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COP27: India Asserts On New Global Climate Finance Target By 2024

At COP15 in Copenhagen in 2009, developed countries committed to raising USD 100 billion per year by 2020 to assist developing countries in dealing with the effects of climate change

Photo Credit : @byadavbjp/twitter

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To meet their ambitious goals, developing countries require substantial increases in climate finance starting at USD 100 billion per year and wealthy countries must lead the mobilisation of resources, India said at the ongoing UN climate summit COP27.

At COP15 in Copenhagen in 2009, developed countries committed to raising USD 100 billion per year by 2020 to assist developing countries in dealing with the effects of climate change. Rich countries, on the other hand, have repeatedly failed to deliver this financing.

Developing countries, including India, are pressuring rich countries to agree to a new global climate finance target, also known as the new collective quantified goal on climate finance (NCQG), which they claim should be in the trillions of dollars given the rising costs of addressing and adapting to climate change.

According to people familiar with the developments, India highlighted at a high-level ministerial dialogue on NCQG at COP27 on Wednesday that climate actions to meet the NDC targets require financial, technological and capacity-building support from developed countries.

“The ambitious goal set by developing countries necessitates a significant increase in climate finance beyond the baseline of USD 100 billion per year. The developed countries must lead the resource mobilisation, which must be long-term, concessional and climate-specific, with an equitable allocation of resources between adaptation and mitigation projects,” during the meeting, the Indian delegation said.

“The commitment of USD 100 billion made by developed countries in 2009 was not only minuscule in comparison to the scale of needs but has also yet to be fulfilled,” it said.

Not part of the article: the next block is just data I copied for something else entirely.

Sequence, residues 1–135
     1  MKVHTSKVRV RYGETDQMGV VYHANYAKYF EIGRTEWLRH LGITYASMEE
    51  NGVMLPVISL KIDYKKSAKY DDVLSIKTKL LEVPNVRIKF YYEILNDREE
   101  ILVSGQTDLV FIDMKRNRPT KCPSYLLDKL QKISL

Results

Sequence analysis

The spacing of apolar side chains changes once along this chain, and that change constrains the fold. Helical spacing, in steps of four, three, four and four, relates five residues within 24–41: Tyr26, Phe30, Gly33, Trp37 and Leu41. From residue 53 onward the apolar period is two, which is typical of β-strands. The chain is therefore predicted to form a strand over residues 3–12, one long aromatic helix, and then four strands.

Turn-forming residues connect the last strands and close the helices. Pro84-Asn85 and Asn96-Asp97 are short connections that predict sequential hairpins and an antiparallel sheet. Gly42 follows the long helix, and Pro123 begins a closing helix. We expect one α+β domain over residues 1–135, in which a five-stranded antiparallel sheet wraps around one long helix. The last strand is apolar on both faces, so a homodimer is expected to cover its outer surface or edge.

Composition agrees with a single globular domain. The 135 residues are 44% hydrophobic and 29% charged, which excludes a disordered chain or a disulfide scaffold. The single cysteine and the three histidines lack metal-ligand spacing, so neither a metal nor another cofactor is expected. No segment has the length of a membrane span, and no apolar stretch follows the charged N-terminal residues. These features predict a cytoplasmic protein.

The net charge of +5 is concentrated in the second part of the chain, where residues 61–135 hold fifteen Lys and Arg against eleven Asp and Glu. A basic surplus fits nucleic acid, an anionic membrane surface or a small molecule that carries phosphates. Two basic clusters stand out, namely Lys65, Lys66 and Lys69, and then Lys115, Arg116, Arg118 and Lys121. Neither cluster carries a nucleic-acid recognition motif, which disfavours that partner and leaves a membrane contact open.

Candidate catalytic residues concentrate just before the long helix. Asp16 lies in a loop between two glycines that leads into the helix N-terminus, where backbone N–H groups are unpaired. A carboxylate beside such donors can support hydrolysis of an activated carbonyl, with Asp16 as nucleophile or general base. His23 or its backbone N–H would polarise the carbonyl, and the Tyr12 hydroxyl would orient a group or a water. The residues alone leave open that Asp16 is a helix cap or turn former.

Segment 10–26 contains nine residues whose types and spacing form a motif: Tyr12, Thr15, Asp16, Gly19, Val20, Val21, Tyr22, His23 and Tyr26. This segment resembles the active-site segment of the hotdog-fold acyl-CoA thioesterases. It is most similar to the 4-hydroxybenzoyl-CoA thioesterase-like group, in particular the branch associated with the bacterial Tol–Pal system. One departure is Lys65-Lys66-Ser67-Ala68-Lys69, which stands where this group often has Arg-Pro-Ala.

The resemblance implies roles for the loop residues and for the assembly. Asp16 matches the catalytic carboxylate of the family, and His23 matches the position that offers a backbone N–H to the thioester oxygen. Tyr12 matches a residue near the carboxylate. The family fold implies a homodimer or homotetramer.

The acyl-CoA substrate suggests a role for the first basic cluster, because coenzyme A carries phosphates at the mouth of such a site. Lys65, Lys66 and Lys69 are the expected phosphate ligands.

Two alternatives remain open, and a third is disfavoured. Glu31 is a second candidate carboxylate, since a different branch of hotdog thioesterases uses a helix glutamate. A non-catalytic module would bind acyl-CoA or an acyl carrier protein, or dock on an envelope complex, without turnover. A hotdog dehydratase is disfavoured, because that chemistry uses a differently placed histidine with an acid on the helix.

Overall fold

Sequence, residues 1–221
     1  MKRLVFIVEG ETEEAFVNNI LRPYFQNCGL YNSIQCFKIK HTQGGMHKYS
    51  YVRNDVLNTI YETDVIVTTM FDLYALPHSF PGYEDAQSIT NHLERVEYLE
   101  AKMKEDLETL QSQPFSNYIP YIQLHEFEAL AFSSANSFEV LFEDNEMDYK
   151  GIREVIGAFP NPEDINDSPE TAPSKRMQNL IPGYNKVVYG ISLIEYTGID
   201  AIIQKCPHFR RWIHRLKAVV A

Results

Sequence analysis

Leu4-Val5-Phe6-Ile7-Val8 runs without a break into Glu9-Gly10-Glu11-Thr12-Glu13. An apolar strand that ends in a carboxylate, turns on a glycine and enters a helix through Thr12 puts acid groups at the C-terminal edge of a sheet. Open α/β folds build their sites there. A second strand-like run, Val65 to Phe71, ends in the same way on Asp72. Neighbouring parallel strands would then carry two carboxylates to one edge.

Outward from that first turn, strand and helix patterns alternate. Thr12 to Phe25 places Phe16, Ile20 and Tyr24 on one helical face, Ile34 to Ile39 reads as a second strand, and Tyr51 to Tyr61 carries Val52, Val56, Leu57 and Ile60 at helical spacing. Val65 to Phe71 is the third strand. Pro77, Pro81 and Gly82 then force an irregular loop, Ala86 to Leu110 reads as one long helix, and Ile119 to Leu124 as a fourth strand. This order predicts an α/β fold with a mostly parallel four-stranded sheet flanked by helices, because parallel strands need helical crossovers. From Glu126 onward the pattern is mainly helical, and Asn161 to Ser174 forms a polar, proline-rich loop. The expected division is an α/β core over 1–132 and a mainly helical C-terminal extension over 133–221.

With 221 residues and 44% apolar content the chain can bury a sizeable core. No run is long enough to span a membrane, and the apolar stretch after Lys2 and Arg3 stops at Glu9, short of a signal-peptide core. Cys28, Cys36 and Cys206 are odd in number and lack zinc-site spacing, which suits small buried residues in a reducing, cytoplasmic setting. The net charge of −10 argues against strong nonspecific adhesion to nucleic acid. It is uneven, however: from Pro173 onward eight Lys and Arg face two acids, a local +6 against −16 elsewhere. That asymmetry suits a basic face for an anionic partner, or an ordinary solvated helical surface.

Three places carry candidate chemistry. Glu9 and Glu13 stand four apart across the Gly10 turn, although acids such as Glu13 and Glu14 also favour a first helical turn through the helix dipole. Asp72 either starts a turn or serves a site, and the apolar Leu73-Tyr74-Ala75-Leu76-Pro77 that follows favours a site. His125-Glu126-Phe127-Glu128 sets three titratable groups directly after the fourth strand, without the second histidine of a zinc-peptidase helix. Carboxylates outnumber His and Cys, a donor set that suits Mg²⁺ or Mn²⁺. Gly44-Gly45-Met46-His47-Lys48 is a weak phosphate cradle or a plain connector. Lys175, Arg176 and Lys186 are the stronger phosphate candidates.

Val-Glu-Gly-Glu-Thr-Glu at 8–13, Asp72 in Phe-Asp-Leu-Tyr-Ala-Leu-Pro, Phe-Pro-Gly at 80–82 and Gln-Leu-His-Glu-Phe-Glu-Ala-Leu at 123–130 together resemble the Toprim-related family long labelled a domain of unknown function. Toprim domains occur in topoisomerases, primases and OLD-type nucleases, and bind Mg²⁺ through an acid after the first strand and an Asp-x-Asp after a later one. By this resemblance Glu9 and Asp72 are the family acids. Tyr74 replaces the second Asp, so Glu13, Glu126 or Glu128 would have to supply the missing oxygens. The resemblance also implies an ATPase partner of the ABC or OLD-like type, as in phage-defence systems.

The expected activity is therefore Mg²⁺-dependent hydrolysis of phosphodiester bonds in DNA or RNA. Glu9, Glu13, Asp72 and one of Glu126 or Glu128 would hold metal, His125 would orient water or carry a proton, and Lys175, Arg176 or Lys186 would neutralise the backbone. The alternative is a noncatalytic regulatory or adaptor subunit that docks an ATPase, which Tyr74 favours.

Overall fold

According to the Organisation for Economic Cooperation and Development (OECD), an intergovernmental organisation comprised of wealthy nations, developed countries mobilised USD 52.5 billion in 2013.

After falling to USD 44.6 billion in 2015, the finance flow has increased steadily. According to a factsheet published by the Centre for Science and Environment, developed countries raised USD 83.3 billion in 2020, up from USD 80.4 billion in 2019.

According to the Standing Committee on Finance, resources from USD 6 trillion to USD 11 trillion are required until 2030 to meet the targets set by developing countries in their NDCs and other communications, including the Needs Determination Reports.

Nationally Determined Contributions (NDCs) are national plans to keep global temperature rise well below two degrees Celsius, preferably 1.5 degrees Celsius.

The Indian delegation also said that the need for climate finance is enormous, even if estimates have not fully captured the identified needs, particularly those for adaptation.

This year's conference, held in the Egyptian seaside resort of Sharm el-Sheikh from 6 to 18 November, is expected to press developing countries to strengthen their climate plans.

On the other hand, developing countries would seek financial and technological commitments to address climate change and the resulting disasters.


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